My colleague David Spry is helping people with Parkinson's Disease get symptomatic relief using nutritional therapies. In particular, he is undertaking extremely careful and holistic research on a nutritional-genetic issue, in which people with a specific gene profile are not only very prone to nutritional deficiencies related to “melthylation” and "folates", but also that this makes them highly susceptible to a wide spectrum of food intolerances. David is revealing the role these issues play in the motor and non-motor symptoms associated with PD, and is demonstrating that, by addressing these, significant improvement can be acheived in the condition of people who have developed Parkinsonism’s in this genetic class. Most importantly, David has pioneered this approach by testing out his conclusions on himself.
While I have long resisted David’s ideas and remained unconvinced for a year, what finally sold it for me was that he identified the role of a “Warrior Gene” and, looking into what this meant, the correlation with my own observations that there is a “Parkinson’s Personality” type common amongst us (high achieving, self-doubt issues, argumentative, stress addicted, and so forth) was obvious to me. Having subsequently listened to what David had say for two hours over the telephone, I was finally convinced.
A couple of weeks ago, I followed David’s bespoke-for-me recommendation to take methyl folate supplementation. Within three days of taking it, I found my symptoms were greatly reduced and found I was walking around the local streets continuously for an hour while between doses of medication (whereas always before I would have to lie down and rest during this stage of my cycle). I also realized my sense of smell had returned. Unfortunately, we are still trying to opimize this strategy for myself, because I seem to have particular issues with vitamin b12 which is an important co-factor (see below).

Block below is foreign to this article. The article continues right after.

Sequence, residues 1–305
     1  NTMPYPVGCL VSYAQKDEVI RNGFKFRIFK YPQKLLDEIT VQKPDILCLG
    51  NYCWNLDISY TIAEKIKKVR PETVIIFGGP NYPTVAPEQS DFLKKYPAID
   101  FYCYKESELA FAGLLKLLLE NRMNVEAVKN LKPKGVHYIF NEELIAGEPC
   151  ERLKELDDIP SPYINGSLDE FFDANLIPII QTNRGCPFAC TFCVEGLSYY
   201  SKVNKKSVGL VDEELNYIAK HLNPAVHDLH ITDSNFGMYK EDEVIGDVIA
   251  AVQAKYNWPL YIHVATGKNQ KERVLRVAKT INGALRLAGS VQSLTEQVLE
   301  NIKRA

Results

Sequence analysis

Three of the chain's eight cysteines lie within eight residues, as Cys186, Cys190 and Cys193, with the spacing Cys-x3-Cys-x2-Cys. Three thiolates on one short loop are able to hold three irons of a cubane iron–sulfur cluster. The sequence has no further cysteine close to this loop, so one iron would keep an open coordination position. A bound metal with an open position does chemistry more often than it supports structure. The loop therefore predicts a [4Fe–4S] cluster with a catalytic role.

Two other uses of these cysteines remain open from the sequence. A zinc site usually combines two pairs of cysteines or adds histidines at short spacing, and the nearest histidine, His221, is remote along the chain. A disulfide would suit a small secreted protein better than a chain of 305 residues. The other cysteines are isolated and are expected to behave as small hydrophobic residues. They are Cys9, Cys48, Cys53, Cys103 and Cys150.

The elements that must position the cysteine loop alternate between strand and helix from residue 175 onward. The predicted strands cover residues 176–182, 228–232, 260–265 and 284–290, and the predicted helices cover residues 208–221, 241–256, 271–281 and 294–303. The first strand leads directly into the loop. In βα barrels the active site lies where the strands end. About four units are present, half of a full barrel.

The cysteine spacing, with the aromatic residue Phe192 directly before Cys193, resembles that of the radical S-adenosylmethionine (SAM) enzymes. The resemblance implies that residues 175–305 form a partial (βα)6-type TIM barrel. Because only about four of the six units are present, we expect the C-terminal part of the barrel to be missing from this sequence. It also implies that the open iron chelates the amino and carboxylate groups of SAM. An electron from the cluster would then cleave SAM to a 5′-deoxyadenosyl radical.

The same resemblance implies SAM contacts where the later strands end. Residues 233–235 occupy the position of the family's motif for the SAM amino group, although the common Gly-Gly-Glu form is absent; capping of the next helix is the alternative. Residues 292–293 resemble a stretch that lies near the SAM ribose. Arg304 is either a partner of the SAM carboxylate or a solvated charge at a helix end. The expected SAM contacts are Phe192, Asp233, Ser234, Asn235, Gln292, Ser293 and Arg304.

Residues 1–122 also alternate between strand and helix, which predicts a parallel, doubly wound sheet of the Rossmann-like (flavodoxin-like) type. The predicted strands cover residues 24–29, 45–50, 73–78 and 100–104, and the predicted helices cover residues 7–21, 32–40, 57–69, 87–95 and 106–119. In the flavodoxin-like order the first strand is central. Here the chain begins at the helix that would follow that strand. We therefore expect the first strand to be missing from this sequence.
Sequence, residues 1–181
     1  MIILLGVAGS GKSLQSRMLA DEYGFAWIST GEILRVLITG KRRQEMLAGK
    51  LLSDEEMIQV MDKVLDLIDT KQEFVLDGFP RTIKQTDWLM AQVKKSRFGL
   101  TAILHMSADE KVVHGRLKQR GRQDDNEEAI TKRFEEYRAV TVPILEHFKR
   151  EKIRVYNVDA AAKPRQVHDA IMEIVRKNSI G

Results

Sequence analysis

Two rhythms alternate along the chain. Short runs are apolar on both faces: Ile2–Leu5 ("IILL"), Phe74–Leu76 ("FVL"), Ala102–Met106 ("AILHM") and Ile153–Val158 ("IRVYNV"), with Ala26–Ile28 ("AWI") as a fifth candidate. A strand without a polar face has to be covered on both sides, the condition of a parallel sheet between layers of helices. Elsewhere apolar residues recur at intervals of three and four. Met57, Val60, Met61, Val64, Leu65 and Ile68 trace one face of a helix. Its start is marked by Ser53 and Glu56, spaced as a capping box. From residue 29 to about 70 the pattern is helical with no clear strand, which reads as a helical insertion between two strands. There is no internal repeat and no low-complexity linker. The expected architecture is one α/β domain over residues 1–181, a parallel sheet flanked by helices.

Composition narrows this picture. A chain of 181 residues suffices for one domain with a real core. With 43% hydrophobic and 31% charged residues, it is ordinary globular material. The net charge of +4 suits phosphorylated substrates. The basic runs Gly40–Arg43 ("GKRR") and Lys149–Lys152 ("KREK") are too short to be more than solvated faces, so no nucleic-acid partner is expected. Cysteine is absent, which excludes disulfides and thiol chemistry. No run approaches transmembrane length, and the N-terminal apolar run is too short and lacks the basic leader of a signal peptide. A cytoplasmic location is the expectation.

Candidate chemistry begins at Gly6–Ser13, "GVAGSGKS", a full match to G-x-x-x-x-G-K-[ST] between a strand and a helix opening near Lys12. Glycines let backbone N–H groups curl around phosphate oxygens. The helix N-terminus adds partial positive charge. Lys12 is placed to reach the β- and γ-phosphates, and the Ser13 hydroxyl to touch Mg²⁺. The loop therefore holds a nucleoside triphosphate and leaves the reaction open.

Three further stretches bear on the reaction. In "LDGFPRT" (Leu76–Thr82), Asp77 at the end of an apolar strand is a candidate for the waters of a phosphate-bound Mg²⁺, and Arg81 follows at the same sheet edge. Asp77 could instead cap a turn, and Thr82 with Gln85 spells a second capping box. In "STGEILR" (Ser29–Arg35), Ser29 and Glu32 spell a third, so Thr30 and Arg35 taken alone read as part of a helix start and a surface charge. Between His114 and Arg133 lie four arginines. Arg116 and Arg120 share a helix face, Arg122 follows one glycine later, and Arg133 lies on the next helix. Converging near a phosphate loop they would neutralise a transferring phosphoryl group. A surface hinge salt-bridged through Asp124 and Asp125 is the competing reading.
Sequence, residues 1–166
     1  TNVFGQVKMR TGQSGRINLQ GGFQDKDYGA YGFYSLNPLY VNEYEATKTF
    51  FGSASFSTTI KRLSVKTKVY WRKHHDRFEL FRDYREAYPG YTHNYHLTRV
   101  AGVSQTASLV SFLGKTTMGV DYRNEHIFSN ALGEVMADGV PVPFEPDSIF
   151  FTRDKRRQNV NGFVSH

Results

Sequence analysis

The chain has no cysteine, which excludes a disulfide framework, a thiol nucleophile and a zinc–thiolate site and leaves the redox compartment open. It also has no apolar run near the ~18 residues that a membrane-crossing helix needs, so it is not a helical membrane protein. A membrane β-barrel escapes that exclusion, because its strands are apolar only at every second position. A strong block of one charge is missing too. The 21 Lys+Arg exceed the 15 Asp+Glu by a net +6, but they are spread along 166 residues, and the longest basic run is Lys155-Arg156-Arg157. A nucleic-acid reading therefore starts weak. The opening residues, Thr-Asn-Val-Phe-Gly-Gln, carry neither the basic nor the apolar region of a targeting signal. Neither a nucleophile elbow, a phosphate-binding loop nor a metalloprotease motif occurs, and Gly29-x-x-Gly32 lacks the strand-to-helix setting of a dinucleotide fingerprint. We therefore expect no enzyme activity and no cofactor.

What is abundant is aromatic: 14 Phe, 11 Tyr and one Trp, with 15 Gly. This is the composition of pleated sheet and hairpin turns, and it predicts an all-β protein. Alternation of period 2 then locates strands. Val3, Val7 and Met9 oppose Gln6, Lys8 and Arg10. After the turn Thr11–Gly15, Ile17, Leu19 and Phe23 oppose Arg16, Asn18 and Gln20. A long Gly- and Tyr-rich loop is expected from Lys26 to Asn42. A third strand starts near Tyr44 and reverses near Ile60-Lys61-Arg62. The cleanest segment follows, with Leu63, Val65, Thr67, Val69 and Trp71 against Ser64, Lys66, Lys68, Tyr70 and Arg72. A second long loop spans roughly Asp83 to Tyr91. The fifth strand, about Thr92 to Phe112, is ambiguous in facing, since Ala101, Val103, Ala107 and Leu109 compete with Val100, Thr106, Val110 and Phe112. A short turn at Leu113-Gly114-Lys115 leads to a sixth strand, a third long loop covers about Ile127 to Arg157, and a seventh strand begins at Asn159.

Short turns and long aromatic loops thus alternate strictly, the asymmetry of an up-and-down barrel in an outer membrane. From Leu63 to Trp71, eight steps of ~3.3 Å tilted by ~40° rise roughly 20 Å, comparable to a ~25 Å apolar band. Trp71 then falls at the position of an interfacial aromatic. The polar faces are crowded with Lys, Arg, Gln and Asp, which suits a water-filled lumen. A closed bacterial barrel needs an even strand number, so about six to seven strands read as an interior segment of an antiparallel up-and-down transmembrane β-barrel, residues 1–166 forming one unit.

To manage expectations, David estimates that perhaps half of PD diagnosis could be associated with the particuar nutrional deficiencies/genetic issues and importantly, even if methyl folate helps, the rigourous identification and elimination of problem foods is still all important to the success of this therapeutic pathway. David also suggests taking methylated version of b12 in tandem too is important. However, David always strongly recommends that having the genetic tests done and then working with a good nutritionist or naturopath is also vital.
In regards to the specific populations where these genetic susceptibilities appear, they arise in people with Northern European ancestry and perhaps this could be one reason why North America, Northern Europe and Australisia appear to have higher incidence rates of Parkinson's Disease than many other countries?